Self-driving vehicles, also known as automated or driverless cars, are becoming more commonplace. With their increasing popularity and growing numbers comes several questions about who and/or what, exactly, is responsible when a car accident happens. In light of the recent deadly Tesla crash that took place near Houston, Texas, many people are wondering if the liability falls on the driver, on the automated technology, or in some cases, on both.
In basic terms, autonomous vehicles are capable of operating and sensing the surrounding environment with limited human involvement. This means that some automated vehicles can park without the driver being in control, whereas others can navigate and drive with fairly hardly any human engagement at all. For example, Tesla’s autopilot feature allows the vehicle to steer, brake, and accelerate in its lane, but it also requires a certain amount of driver supervision. Creators designed the technology to require the driver to be in the driver’s seat with his or her hands on the wheel at all times by employing sensors that monitor the amount of pressure the driver applies to the steering wheel. It is important to note, however, that there have been several reports alleging this feature may have dangerous design flaws.
The answer concerning who or what is responsible if a self-driving vehicle crashes is not as straightforward as you may think. Although the National Highway Traffic Safety Administration (NHTSA) has taken some steps toward making rules for automated vehicles, none are currently cemented in place. If federal law does not govern automated vehicles, the question then becomes whether or not state-level legislation takes the lead with licensing laws, which essentially identify the technology system as the driver of the vehicle. At the time being, many of these questions remain largely unanswered.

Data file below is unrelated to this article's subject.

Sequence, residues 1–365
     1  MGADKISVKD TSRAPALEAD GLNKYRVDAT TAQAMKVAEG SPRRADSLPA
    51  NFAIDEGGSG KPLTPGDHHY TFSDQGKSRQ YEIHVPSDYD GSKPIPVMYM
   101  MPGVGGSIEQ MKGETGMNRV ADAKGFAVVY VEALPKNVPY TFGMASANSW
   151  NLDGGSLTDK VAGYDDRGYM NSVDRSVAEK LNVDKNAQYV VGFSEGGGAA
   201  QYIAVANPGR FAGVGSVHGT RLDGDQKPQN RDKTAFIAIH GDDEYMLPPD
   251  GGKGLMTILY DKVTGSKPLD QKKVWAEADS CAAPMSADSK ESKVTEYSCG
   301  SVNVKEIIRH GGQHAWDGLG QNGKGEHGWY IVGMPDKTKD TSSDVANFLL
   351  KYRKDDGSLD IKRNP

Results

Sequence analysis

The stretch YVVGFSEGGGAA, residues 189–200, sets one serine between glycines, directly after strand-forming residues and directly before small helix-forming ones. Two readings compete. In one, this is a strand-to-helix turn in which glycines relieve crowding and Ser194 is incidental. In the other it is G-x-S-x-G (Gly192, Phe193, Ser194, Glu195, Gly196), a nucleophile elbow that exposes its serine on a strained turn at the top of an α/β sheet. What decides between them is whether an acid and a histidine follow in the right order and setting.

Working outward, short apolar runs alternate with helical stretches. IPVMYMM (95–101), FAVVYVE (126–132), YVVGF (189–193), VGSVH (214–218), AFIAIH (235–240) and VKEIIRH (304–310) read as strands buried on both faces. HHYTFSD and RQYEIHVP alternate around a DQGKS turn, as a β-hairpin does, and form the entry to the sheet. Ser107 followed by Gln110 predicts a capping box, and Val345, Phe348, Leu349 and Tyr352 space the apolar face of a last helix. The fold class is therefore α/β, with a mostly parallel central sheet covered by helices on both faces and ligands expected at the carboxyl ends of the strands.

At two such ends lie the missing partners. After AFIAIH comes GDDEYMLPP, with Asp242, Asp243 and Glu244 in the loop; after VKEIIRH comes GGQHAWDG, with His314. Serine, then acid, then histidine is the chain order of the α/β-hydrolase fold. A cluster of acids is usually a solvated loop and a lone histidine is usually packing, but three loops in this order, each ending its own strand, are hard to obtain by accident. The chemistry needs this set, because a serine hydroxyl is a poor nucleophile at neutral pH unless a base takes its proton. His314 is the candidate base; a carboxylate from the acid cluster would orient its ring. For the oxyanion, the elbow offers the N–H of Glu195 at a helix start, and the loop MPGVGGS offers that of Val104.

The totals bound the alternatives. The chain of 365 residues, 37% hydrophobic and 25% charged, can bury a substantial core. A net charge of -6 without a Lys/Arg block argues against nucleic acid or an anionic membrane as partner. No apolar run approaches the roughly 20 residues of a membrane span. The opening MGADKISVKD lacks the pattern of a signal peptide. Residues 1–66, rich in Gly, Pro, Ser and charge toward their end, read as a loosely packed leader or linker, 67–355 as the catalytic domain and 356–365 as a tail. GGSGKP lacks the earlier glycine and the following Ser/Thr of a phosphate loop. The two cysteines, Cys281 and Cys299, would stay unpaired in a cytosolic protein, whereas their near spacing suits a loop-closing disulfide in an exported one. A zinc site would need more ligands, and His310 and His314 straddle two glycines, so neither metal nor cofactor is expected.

What features does a car need to have to qualify as an automated vehicle? There are actually six different levels of automation, all of which take varying degrees of responsibility for various critical control functions, such as steering, braking, throttle, and driving. Levels zero through two are so-called driver support levels, which means that the driver is responsible for the vehicle’s primary controls. For levels three through five, however, the automated technology is in control of most features, but not without driver support. The NHTSA reports that the six levels are:
There seems to be a never-ending list of inquiries concerning liability in accidents involving autonomous vehicles. Until legislation catches up and provides a clear legal precedent for car crash victims, there are several important questions that we still need to ask. Here are just a few examples of these questions:
The good news is that although there is not a clear legal answer to liability for accidents that involve self-driving vehicles, victims still have options when it comes to filing a legal claim for their injuries and other damages. Since most of the automated vehicles on American roadways require some degree of driver involvement to operate, it is more likely than not that most of the responsibility for the accident would fall on the at-fault driver. That does not mean that the manufacturer has no liability, though. If a vehicle had a defective steering or braking system, for example, the manufacturer would be liable for contributing to the collision. If the automated features that a driver was using were faulty or designed defectively, the technology itself, as well as its creators, could be liable as well.
As you can see, determining liability in a car accident is a complicated process. This is why it is always a good idea to speak with an experienced personal injury lawyer who can examine your accident from every angle and identify who or what was responsible, along with any other relevant factors. If you were injured in a crash involving an automated vehicle, someone at our firm can help guide you through the process. If you would like to learn more about filing a legal claim, contact a representative online now.
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